- Poster presentation
- Open Access
In vivo function of galectin-3 in motile cilia of airway epithelium
© Delacour et al; licensee BioMed Central Ltd. 2012
- Published: 16 November 2012
- Adult Mouse
- Primary Cilium
- Airway Epithelium
- Beat Frequency
- Mucus Layer
Galectins, a family of beta-galactoside binding lectins, participate in an exceptionally broad range of biological processes. It has been established that galectin-3 localizes at the primary cilium in epithelial cells, and that the absence of galectin-3 leads to major growth defects in primary cilia. We have now extended these original observations by studying the consequences of galectin-3 null mutation on the biogenesis and function of motile cilia in vivo. Using confocal and electron microscopy, we show that endogenous galectin-3 is also located in the motile cilia of adult mouse tracheas. Ultrastructural studies reveal that the absence of galectin-3 leads to a large panel of cilium abnormalities, including swollen cilia, compound cilia, and also abnormal axonemal organization (deviations from the expected 9+2 microtubular organization). We also monitored ciliary beat patterns by high speed videomicroscopy . These experiments revealed that, although beating frequency is unchanged, the amplitude of the movement was drastically reduced in gal3-/- tracheas. By following the dynamics of fluorescent beads applied to tracheal explants, we could demonstrate that the coordinated movement of the beads was severely affected in gal3-/- tracheas, in comparison to wt tracheas. Collectively, these data establish that galectin-3 is required for correct biogenesis and function of motile cilia in adult mice. Despite these defects, gal3 mutant mice seem healthy in SPF animal house conditions. However, histological analyses and scanning electron microscopy revealed aberrant accumulation of mucus layers inside gal3-/- tracheas, suggesting the mice suffer from insufficient mucociliary clearance.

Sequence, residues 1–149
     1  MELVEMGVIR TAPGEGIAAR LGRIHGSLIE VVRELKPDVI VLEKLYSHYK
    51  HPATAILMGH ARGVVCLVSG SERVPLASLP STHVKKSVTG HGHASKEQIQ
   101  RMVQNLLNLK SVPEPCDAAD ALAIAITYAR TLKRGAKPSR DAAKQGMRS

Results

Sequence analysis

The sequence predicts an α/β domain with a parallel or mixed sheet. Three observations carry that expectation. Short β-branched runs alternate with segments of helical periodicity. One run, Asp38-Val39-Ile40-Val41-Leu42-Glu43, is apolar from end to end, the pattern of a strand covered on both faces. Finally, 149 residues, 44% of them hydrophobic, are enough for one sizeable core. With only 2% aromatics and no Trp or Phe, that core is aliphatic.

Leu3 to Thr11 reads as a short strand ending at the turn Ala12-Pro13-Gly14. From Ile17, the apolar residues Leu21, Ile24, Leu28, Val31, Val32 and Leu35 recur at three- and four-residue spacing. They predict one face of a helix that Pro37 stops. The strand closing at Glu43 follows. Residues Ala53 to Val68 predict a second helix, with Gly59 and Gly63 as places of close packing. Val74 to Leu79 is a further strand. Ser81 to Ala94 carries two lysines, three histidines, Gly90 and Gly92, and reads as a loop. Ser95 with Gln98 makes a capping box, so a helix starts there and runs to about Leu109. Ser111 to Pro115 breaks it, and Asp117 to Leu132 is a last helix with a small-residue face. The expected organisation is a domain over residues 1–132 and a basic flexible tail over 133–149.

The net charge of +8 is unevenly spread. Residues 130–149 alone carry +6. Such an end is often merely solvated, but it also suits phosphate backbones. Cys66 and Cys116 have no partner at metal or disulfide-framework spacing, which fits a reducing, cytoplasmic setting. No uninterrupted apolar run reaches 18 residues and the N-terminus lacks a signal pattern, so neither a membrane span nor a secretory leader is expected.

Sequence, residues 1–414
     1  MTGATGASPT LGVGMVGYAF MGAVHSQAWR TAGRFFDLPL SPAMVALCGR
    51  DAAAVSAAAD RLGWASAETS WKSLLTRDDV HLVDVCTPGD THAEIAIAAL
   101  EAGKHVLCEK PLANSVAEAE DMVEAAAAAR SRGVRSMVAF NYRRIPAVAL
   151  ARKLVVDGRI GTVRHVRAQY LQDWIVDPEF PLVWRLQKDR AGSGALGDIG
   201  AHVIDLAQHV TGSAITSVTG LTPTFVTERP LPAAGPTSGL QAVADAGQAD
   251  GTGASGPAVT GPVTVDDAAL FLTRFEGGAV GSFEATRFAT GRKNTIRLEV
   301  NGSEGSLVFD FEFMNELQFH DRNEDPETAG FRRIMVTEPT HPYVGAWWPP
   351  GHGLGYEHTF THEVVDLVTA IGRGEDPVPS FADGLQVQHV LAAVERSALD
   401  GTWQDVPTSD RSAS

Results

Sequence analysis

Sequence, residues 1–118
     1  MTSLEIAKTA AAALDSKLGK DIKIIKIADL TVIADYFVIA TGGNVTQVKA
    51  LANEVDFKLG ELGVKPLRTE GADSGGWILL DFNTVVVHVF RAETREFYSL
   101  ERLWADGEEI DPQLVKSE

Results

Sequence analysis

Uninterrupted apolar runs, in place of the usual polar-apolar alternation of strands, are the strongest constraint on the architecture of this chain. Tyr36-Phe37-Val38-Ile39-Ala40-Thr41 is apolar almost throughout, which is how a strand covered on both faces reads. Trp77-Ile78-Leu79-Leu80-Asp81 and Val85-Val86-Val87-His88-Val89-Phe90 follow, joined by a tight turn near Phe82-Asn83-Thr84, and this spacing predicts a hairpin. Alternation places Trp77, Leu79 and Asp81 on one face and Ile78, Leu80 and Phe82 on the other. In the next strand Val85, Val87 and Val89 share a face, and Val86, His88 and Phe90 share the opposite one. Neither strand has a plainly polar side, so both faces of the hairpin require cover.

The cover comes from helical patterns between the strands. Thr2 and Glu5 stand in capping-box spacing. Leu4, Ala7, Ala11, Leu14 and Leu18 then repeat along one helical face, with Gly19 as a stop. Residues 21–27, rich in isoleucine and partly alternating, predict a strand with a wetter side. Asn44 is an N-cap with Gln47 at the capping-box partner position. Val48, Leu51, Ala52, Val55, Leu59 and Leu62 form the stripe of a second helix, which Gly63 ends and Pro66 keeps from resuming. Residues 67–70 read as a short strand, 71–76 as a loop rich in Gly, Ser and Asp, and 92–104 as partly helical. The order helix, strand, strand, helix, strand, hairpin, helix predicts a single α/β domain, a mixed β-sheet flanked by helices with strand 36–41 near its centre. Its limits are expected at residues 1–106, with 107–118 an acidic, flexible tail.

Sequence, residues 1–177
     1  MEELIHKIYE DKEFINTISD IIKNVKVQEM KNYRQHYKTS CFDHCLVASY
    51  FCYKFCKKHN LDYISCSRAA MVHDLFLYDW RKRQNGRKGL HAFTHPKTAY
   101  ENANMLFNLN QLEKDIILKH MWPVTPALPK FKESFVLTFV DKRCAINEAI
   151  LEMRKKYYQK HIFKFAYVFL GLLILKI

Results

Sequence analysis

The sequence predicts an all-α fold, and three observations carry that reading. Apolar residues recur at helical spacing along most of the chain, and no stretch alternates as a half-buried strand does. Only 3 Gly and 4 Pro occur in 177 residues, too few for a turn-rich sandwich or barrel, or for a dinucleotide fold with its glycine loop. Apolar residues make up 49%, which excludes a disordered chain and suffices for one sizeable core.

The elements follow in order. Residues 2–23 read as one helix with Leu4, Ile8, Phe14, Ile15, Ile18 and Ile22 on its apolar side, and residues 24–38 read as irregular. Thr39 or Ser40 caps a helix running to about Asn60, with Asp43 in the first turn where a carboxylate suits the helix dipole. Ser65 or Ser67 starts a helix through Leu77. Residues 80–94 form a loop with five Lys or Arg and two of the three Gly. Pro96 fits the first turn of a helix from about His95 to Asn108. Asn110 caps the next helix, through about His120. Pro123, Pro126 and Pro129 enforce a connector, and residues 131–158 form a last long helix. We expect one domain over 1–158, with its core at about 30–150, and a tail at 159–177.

This article is published under license to BioMed Central Ltd. This is an Open Access article distributed under the terms of the Creative Commons Attribution License (http://creativecommons.org/licenses/by/2.0), which permits unrestricted use, distribution, and reproduction in any medium, provided the original work is properly cited.